I strayed onto an acquaintance’s blog, and started feeling tired.
Oh, it was all so bossy, so prescriptive. 10 ways to be a better wife; 10 ways to be a better mum; 10 ways to lose weight in a Biblical way; 10 ways to read more spiritual books.
It made me feel so tired. I scrolled through the blogs she had blogrolled, even more prescriptive and bossy, and began to feel even more tired.
* * *
18 years ago, when I lived in Williamsburg, Virginia, I had taken a theological course called Sonship developed by the brilliant Westminister Seminary Professor and founder of World Harvest Mission Jack Miller. It was the most heavily theological material I had encountered to date, and gave me a taste for theology!
At the outset, Miller reports someone raving about Richard Foster’s“The Celebration of Discipline.”
And Miller, a big, hearty, larger-than-life man, laughs a big booming laugh and says, “I am too big a sinner to be fooled by the Celebration of Discipline.”
* * *
Huh? I did not understand what he meant then, but understand it perfectly now. Discipline cannot save us. 10 ways to study scripture, fast, give, serve are not going to change our selfish, self-seeking, ambitious, twisty old hearts. If anything they might just make us more self-righteous. For our hearts to change, we need a heart transplant. We need God to pour his Holy Spirit into us and give us a new heart (Ez 36:26).
* * *
We do need strategies—for ensuring we pray every day, spent time soaking in Scripture everyday, and for our own particular battles: eating healthily is one of mine.
But strategies cannot save us. For me at least, lists of food rules, or domesticity rules or spiritual rules or time-management rules get a bit boring and feel like too much of a strait-jacket and I soon drop them. They are the law, a yoke that neither we nor our ancestors have been able to bear? Acts 15:10.
What helps me, and fills my days with sweetness is going through my day with Jesus, sharing the easy yoke.
* * *
I do have food rules, as for much of my adult life, I have medicated boredom, low spirits, stress, anxiety, and even happiness with food. So my two rules are: Limit eating what is not a blessing to your body (sugar, white carbs, chocolate). Do not eat when you are not hungry.
I was energized when I first formulated them, but now, especially that I am walking 6 km. a day, I sometimes buy chocolate or pizza or Indian takeaway after a long walk. The law, my strategies, weren’t strong enough to save me. On the other hand, slowing down, and asking Jesus for help and grace and the filling of his spirit does help me to resist things which are a curse to my body.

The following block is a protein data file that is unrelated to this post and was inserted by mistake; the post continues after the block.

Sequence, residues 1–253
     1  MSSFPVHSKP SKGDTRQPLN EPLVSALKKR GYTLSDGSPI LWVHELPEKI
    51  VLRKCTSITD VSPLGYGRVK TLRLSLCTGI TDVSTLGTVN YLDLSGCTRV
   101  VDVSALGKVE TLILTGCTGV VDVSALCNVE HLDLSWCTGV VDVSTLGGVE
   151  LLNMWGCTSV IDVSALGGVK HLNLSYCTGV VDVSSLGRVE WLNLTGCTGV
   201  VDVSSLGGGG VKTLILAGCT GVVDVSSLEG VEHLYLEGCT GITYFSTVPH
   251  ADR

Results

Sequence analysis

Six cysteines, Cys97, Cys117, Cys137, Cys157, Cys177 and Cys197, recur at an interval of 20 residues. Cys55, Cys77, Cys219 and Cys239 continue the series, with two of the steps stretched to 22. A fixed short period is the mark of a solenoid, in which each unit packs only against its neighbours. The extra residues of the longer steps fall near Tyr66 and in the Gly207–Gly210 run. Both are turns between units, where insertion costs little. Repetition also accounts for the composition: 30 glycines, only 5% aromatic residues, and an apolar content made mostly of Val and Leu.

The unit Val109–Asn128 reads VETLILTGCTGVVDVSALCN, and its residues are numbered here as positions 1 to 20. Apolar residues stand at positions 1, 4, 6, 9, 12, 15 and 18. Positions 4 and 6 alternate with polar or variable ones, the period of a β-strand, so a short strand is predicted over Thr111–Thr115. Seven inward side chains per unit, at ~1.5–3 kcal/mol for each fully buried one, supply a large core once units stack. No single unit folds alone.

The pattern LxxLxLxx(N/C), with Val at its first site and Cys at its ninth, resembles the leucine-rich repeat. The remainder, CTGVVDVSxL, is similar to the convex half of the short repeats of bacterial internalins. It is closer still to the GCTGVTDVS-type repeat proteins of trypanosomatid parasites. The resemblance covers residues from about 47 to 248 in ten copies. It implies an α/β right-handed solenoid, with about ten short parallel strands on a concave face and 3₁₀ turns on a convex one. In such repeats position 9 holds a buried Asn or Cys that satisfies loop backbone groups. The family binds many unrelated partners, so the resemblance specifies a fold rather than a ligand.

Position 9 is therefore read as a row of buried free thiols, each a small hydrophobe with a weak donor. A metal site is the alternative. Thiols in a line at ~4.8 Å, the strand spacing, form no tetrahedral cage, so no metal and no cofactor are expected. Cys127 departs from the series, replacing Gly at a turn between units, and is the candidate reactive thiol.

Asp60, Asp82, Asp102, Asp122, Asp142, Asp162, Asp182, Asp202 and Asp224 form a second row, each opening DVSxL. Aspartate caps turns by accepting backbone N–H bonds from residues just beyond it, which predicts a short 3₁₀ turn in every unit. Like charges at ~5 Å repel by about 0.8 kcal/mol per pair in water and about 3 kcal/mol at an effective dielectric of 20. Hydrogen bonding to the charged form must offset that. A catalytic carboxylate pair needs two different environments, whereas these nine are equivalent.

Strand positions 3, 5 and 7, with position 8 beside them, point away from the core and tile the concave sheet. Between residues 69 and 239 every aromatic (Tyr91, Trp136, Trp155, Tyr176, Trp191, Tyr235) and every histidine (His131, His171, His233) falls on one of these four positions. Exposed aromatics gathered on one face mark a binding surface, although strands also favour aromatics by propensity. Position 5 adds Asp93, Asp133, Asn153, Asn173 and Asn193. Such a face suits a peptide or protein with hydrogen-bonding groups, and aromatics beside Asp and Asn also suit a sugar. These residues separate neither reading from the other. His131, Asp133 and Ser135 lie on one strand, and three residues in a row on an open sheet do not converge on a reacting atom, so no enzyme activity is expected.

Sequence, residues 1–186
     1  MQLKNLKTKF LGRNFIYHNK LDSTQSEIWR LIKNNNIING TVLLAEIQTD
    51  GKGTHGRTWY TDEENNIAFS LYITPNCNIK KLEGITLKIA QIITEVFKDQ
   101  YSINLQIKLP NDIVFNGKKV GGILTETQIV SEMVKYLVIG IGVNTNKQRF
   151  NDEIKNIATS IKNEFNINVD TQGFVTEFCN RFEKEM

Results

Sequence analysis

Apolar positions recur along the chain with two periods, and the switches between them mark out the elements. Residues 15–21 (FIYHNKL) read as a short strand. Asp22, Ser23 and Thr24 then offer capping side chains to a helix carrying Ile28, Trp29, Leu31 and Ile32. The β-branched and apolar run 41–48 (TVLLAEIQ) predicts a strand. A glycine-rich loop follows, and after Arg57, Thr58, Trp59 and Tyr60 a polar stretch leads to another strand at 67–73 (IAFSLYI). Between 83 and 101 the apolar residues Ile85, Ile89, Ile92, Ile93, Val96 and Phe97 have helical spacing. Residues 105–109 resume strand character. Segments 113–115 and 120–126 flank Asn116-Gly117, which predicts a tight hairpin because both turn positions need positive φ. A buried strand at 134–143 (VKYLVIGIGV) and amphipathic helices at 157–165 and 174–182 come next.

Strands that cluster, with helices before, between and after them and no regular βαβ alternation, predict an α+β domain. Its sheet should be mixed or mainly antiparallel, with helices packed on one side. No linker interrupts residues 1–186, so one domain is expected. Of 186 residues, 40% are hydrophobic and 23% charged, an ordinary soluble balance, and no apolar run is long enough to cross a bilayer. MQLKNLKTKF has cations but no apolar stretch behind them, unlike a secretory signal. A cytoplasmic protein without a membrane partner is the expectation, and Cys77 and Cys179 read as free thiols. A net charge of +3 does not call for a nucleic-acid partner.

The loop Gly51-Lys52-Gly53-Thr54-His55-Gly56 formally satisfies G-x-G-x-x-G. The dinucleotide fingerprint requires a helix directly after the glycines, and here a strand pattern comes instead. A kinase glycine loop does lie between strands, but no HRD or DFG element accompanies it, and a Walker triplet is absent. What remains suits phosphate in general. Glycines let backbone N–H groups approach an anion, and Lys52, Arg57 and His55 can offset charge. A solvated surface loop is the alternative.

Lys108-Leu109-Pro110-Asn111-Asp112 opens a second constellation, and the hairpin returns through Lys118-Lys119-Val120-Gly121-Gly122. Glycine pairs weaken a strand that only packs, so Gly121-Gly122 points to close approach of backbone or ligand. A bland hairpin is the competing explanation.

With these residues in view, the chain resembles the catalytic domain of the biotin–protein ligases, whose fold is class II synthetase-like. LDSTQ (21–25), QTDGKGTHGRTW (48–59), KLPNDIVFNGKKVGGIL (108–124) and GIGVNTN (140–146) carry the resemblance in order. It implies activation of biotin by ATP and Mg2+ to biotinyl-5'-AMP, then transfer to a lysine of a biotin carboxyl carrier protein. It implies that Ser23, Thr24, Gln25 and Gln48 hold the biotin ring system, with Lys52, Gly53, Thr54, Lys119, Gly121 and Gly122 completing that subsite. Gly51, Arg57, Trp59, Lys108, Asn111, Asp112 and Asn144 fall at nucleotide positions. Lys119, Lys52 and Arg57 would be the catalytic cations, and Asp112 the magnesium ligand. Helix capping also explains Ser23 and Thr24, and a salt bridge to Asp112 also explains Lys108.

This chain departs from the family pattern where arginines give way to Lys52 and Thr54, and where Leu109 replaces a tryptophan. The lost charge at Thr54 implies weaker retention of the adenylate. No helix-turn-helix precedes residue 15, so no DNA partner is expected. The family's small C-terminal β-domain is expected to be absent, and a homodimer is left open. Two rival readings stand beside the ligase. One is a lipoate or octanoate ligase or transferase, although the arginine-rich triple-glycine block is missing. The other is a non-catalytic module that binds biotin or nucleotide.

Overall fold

Slowing down. I wondering if that is a major secret of the spiritual life.
It’s the same with exercise. I know I will be stronger if I do it. I know I will be happier if I break up my writing with housework breaks (pomodoros) but this is very hard for me, for really, I like to work till done—and if what I am working on takes 3 to 4 hours it is quite painful almost for me to leave it and switch gear. So I need Jesus’s help to get up and get moving more than rules.
* * *
Hudson Taylor after continued spiritual failure, and self-excoriation stumbled upon the secret of abiding, which is known as Hudson Taylor’s Spiritual Secret. He writes:
“Not a striving to have faith, but a looking off to the Faithful One seems all we need.”
Here, I feel, is the secret : not asking how I am to get sap out of the vine into myself, but remembering that Jesus is the Vine-the root, stem, branches, twigs, leaves, flowers, fruit, all indeed. Aye, and far more too! He is the soil and sunshine, air and rain-more than we can ask, think, or desire. Let us not then want to get anything out of Him, but rejoice in being ourselves in Him-one with Him, and, consequently, with all His fulness.
” I have not got to make myself a branch. The Lord Jesus tells me I am a branch. I am part of Him, and have just to believe it and act upon it. If I go to the bank in Shanghai, having an account, and ask for fifty dollars, the clerk cannot refuse it to my outstretched hand and say that it belongs to Mr. Taylor. What belongs to Mr. Taylor my hand may take. It is a member of my body. And I am a member of Christ, and may take all I need of His fulness.”
Perhaps this is the easy way of sanctification—to see yourself as a branch in the vine of Jesus, and pray, relying and drawing on the wells of his strength and sweet life when tempted to indulge your temper, your gluttony, your laziness, or any of the deadly seven temptations.